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Greetings from the “dead of winter” in Columbus, Ohio - though the 45 degree and sunny days of January 2021 don’t feel like the usual Ohio winter, and you won’t catch me complaining.

I am resisting the urge to wish you a happy new year because, well, I am having an existential moment with the whole new year “thing”. Every year, the weeks leading up to and after January 1 hold a whole lot of reflection and hope - two things I can embrace wholeheartedly. And, I can appreciate the inspiration ignited by the fresh start of a year or month or week as much as anyone. For me, it gets a bit off course when we start longing for the “new” as if it is the antidote to all that was wrong with the “old”. In the case of a new year, it is (as my more cynical friends have pointed out), just turning the calendar page - and that isn’t going to change much about our lives or circumstances. And, how long before the “new” year is no longer “new”, anyway?

My years of working with art and antiques may be informing this opinion, but I want to suggest to you that “new” might be entirely overrated. Maybe the hopeful anticipation ignited by the prospect of “new” is misplaced. Could it simply be a blind spot for what we really desire: a restoration of the “old”? You know - the “old” that was good and happy and familiar and comfortable, before something came along to change it to unfamiliar and uncomfortable, and maybe even a little painful. There’s a reason they are called “the good old days”. Our eyes and minds may tell us we want new and fresh, but what our hearts long for most is restoration of the familiar but lost. And, friends, we can all agree that 2020 was a year of profound loss for so many in our community.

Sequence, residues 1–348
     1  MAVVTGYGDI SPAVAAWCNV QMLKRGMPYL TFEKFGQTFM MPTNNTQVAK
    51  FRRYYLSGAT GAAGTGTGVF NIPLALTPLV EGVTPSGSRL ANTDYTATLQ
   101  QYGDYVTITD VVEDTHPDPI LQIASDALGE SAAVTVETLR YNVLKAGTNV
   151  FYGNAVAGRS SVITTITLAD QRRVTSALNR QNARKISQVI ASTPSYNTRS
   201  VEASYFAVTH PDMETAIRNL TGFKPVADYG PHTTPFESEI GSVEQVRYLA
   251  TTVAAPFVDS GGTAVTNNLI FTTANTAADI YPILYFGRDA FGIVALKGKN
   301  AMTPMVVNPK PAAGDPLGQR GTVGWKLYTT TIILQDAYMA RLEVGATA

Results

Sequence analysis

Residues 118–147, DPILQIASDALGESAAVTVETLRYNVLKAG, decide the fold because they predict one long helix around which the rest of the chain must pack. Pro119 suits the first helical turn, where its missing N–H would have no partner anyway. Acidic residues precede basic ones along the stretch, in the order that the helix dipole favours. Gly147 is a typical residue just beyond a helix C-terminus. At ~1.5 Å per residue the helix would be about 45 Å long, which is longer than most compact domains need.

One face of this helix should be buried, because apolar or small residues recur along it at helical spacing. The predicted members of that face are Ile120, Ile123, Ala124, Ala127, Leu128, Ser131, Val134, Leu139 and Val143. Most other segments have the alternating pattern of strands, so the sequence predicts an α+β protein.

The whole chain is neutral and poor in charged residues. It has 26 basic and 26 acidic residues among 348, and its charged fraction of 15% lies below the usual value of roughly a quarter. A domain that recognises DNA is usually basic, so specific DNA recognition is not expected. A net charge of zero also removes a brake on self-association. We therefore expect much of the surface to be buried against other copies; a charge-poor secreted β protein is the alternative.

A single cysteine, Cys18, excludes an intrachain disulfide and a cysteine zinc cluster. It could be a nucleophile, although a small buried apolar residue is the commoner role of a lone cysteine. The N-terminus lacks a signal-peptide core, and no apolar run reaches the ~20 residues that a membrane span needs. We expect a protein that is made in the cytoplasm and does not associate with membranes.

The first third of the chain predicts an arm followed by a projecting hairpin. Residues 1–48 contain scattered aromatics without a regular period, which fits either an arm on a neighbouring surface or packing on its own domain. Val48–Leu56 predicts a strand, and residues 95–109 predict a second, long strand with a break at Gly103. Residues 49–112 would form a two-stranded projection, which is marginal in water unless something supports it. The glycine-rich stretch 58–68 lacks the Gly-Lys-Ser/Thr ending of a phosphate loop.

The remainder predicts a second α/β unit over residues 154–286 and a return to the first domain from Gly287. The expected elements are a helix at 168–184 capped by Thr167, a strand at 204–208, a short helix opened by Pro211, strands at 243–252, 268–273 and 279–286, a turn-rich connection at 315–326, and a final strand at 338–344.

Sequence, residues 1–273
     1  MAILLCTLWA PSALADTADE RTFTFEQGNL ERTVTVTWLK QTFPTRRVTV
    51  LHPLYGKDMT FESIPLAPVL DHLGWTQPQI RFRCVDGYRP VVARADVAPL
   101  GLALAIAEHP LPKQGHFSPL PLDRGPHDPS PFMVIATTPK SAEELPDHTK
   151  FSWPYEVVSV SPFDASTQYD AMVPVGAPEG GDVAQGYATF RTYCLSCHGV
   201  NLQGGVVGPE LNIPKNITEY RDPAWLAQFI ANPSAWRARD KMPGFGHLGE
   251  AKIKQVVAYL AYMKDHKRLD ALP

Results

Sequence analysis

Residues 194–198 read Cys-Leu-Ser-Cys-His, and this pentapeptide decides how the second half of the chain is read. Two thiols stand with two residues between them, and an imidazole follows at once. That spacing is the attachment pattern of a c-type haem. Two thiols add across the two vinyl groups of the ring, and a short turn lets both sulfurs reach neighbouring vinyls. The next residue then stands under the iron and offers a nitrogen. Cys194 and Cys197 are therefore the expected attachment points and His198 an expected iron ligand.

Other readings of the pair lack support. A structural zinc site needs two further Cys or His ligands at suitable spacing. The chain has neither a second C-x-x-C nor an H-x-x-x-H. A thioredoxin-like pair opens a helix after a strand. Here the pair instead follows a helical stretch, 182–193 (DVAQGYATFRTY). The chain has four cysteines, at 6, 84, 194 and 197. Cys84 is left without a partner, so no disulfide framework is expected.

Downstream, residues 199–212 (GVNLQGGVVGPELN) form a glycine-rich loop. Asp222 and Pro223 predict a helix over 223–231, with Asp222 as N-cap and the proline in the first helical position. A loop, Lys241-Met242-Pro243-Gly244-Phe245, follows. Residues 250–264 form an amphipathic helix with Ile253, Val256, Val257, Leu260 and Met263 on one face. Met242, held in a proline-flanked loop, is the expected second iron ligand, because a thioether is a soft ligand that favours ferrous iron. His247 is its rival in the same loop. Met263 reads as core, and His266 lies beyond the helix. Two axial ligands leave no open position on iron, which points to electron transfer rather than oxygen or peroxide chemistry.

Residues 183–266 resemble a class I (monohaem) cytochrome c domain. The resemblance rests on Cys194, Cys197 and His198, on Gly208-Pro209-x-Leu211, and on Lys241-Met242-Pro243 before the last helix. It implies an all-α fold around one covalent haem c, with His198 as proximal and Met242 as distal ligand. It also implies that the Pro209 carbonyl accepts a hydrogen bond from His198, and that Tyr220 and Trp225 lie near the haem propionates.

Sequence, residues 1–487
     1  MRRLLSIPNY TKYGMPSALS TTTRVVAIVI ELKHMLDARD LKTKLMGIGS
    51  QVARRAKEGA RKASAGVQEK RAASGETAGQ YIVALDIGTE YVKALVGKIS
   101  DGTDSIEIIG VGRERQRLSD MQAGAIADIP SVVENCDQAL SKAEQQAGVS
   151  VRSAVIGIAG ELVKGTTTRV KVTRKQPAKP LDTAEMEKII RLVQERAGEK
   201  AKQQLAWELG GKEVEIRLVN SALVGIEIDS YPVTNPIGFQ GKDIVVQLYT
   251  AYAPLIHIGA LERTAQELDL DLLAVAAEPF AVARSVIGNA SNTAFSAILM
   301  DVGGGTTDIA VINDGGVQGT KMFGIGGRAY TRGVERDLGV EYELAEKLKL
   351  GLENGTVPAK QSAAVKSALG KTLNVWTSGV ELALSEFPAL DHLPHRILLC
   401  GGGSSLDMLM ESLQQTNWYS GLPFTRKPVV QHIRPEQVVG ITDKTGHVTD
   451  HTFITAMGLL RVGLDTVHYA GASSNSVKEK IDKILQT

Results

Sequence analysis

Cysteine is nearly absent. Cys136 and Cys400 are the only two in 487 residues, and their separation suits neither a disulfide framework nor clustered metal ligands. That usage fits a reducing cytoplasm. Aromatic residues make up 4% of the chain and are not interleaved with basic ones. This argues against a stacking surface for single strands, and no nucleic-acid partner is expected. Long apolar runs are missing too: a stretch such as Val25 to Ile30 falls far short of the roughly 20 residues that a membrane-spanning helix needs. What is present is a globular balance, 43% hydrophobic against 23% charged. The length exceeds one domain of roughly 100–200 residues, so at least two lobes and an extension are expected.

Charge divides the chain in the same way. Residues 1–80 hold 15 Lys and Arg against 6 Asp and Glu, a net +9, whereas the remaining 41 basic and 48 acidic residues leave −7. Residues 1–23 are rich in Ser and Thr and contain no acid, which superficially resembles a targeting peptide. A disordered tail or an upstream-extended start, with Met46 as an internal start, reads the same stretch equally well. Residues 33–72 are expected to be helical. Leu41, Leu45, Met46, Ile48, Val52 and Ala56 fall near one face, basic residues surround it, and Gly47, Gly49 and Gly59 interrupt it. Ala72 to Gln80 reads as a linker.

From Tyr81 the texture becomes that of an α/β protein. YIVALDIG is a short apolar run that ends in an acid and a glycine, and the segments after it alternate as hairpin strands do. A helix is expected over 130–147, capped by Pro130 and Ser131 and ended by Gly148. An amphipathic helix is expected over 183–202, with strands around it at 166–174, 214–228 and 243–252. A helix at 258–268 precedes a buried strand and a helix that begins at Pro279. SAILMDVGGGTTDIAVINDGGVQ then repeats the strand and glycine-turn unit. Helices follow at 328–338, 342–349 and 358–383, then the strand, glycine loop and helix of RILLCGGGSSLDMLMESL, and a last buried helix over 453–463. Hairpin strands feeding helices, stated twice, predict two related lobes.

Hoping for restoration of all that we have lost is scary, I get it. So many factors are out of our control. What if the restoration is incomplete, at best? Or, what if the restoration is simply different than we would plan it? From experience I can assure you, the restoration that I could have never imagined has been far better than anything I had ever dreamed. Our finite brains have been trained to expect the worst and to avoid disappointment, abandoning adventure and possibilities in favor of a sure thing. A new thing - not necessarily a better thing.

I could be overthinking it, but I am in a season of identifying my blind spots, the deepest longings of my heart, and the ways I engage with the world in order to get them. So, as we roll over another calendar page, here is my wish for you: that in 2021 you will embrace adventure and dare to dream of an unimaginable restoration of hearts, minds, health, families, and businesses.

Happy restoration year, friends, and whatever that means for you.

Warmest wishes,




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